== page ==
Reagan is in slow decline from Alzheimer's disease, but there has been no sudden change in his condition, his wife Nancy said Wednesday in an effort to put to rest rumors that he is near death.
"The rumors are absolutely false," Nancy Reagan said in a statement read to The Associated Press by family spokeswoman Joanne Drake.
"President Reagan suffers from Alzheimer's, a progressive disease. However, there has been no dramatic change in his condition that would be cause for the alarming rumors that we are hearing," the statement said.
"We hope that people would be more sensitive than this to the situation."
Rumors about Reagan's health have been swirling for weeks.
A U.S. News & World Report item, published Monday, quoted unidentified sources as saying Reagan representatives have talked about logistics for a state funeral.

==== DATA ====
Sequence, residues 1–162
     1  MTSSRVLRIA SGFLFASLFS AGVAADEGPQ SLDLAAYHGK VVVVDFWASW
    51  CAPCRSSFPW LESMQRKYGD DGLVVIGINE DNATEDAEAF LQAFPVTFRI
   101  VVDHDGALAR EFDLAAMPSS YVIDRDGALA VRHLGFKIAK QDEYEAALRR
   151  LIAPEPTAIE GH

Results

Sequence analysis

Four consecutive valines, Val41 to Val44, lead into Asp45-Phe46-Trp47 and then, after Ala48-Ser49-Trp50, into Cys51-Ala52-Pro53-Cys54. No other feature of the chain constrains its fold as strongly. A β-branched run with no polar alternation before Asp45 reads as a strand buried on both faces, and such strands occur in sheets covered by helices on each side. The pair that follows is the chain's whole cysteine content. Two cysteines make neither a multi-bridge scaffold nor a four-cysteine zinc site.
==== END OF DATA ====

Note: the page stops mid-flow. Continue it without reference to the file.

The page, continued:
Then on Tuesday, an e-mail on Reagan followed some redistributed versions of the California Senate Republican Caucus briefing that is sent out daily by state Sen. James Brulte, a Republican from Rancho Cucamonga.
"Rumors from newsrooms are that Ronald Reagan's health is fading and he is on a 36-hour death watch," the e-mail said.
A staffer in the office of state Sen. John Lewis, an Orange County Republican, sent the e-mail to the same group of people to whom she redistributes the briefing and "one of the people who got that assumed that it came from us," Brulte said.
While the rumors spread Tuesday, Reagan was enjoying a scoop of sorbet outside Brentwood's Haagen-Dazs ice cream shop, manager Abbas Malik said. A Secret Service agent purchased the treat.
"I just saw him the other day and he's fine. Quit scaring the family," son Michael Reagan said. "My kids have to deal with it. People come up to them and they ask me if something's wrong with grandpa."
Reagan, who disclosed in 1994 that he had the incurable brain disorder, now makes weekly appearances at his Century City office rather than the daily regimen he had maintained since leaving the White House, Ms. Drake said.
"He's 88 years old and he maintains as physically active a schedule as possible," Ms. Drake said.
Four million Americans have Alzheimer's, the degenerative disease of the brain, which attacks memory and eventually leads to total dependency on others for help in everyday needs such as eating and bathing.